Interior Minister says radical organizations to pose no threat in Ukraine election runoff
Radical nationalist organizations are unable to destabilize Ukraine ahead of the presidential election runoff, Minister of Internal Affairs of Ukraine, Arsen Avakov, said.
"I don’t see any threats coming neither from 'National Squads' neither from 'National Corps'. [Leader of National Corps, people's deputy Andriy] Biletskiy's position is clear; we held a meeting with him, including on ensuring that the elections are held without pressure. And I don’t think that the C14 organization has enough strength or will to destabilize the situation. These are small radical groups, for each of which there are sufficient rapid reaction government forces of influence. I believe you'll see there won't be a single incident in the second round," Avakov told a panel show on 1+1 TV channel Thursday.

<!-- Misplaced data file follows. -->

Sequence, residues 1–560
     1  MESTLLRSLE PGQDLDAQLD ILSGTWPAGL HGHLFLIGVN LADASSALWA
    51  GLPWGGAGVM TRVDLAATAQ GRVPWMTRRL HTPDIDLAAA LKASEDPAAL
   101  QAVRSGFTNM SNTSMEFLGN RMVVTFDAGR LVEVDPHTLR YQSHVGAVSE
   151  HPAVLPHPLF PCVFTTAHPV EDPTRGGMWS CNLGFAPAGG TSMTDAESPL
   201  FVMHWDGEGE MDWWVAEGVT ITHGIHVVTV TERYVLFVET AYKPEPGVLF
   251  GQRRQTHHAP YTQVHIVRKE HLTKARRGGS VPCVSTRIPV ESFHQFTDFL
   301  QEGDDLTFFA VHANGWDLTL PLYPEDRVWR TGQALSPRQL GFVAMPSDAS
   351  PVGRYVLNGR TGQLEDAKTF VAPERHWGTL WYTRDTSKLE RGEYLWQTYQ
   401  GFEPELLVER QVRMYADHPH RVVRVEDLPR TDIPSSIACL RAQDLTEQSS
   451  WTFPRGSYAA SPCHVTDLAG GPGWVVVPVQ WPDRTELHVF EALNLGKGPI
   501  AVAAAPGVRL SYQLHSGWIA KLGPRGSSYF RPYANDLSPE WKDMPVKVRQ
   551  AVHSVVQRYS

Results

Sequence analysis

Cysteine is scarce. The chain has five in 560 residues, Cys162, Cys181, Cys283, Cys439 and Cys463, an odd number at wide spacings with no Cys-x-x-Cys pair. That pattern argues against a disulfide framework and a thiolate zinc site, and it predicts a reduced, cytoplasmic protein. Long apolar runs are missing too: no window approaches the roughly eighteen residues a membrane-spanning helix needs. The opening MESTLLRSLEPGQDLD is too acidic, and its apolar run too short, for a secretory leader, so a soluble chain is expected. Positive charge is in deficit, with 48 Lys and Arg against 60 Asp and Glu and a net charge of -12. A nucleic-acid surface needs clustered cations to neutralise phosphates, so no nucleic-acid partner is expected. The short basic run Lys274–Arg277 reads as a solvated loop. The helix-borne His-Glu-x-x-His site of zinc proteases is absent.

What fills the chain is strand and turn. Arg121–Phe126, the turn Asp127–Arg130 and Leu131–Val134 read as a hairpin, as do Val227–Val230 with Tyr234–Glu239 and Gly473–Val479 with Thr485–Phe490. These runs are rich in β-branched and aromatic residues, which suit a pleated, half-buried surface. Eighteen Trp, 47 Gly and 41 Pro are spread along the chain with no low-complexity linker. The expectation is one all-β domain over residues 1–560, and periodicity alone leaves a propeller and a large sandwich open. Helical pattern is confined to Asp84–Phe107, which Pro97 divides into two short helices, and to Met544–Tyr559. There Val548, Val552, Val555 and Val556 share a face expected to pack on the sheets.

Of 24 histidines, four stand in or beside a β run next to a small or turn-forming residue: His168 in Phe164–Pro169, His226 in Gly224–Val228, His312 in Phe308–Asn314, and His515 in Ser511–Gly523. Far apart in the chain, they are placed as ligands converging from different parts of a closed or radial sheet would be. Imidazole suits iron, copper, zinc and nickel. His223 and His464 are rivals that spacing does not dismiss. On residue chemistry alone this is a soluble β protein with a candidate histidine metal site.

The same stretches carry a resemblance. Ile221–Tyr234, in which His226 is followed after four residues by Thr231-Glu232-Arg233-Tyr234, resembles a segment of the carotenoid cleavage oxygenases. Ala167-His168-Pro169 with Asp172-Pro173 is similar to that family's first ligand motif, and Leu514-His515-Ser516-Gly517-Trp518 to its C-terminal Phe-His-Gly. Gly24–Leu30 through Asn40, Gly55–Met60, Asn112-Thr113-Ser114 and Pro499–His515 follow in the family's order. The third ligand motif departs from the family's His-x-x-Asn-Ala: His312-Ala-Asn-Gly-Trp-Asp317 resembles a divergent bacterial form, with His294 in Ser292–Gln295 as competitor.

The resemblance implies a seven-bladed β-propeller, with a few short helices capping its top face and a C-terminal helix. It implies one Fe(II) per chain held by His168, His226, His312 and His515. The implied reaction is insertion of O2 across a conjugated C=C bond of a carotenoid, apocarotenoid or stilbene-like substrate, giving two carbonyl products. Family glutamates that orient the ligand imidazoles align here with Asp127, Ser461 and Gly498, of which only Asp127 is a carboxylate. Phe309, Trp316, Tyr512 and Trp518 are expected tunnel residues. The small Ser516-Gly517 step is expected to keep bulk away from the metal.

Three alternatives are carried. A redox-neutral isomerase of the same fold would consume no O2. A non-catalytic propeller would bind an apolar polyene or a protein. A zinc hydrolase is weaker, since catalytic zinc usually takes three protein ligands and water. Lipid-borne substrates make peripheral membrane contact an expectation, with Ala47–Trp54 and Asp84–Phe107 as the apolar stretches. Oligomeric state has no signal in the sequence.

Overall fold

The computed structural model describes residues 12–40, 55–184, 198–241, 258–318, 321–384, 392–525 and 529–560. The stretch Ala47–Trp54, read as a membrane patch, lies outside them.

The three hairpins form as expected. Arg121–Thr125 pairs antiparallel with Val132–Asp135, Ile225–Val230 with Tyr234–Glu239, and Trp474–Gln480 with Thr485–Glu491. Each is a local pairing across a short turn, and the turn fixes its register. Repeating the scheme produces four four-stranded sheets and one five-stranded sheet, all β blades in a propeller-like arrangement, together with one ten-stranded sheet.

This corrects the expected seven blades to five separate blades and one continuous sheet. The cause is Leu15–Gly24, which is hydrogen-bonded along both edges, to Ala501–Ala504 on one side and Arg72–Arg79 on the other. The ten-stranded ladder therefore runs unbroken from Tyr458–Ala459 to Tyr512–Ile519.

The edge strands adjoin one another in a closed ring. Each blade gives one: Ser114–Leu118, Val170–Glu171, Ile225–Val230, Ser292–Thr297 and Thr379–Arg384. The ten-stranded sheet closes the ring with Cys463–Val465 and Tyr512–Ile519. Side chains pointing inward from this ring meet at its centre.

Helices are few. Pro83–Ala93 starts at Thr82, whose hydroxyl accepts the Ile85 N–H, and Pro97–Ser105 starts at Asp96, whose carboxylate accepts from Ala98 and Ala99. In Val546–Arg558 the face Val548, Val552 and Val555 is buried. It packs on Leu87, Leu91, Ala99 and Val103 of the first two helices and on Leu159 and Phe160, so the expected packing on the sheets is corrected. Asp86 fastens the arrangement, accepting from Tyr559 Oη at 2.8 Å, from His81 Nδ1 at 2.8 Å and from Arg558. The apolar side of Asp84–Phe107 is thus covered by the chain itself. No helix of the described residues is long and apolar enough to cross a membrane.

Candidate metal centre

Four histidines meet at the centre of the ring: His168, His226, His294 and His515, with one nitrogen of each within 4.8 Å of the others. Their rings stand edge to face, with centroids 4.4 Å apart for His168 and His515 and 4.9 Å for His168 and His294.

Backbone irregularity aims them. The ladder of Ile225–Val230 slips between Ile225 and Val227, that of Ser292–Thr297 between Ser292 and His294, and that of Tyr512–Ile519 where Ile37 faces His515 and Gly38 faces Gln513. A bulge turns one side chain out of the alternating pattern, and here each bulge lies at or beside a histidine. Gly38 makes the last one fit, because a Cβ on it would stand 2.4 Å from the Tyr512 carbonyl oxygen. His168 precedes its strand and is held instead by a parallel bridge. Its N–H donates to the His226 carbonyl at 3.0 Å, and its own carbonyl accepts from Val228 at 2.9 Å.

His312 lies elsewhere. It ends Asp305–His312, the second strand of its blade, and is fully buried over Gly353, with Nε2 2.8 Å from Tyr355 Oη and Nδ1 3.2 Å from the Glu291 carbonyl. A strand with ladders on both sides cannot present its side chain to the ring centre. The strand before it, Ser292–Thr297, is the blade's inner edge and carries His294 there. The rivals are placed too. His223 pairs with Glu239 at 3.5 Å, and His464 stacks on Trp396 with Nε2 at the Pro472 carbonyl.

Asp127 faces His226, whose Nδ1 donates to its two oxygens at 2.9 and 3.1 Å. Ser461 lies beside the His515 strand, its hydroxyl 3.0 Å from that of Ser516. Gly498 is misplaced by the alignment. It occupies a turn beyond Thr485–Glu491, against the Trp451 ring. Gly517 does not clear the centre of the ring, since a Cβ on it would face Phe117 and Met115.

As UNIAN reported earlier, the Central Election Commission of Ukraine has processed 100% of the votes cast in the first round of presidential elections held March 31.
A total of 30.24% of the voters supported Volodymyr Zelensky, and 15.95% votes were cast for Petro Poroshenko.
On April 3, Zelensky declared his readiness to come to the debate with Poroshenko ahead of the runoff, however, he voiced a number of conditions. In particular, he said, the debates should be held at the Olimpiyskiy Stadium in Kyiv, "before the people of Ukraine", and with all TV channels being able to air the event live, while both candidates must undergo a medical exam and prove to the people that there are "no alcoholics or drug addicts" among them.
Poroshenko agreed to hold the debate with Zelensky at the stadium.
On Thursday, April 4, Zelensky posted another video where he proposed that the leader of the Batkivshchyna Party,Yulia Tymoshenko, who stopped short of the runoff, gaining the third largest number of votes in the first round, be a moderator at the debate.
Overnight Friday, Petro Poroshenko, via a video address, appealed to Volodymyr Zelensky, proposing that he stop putting forward conditions for participation in the public debate ahead of the election runoff.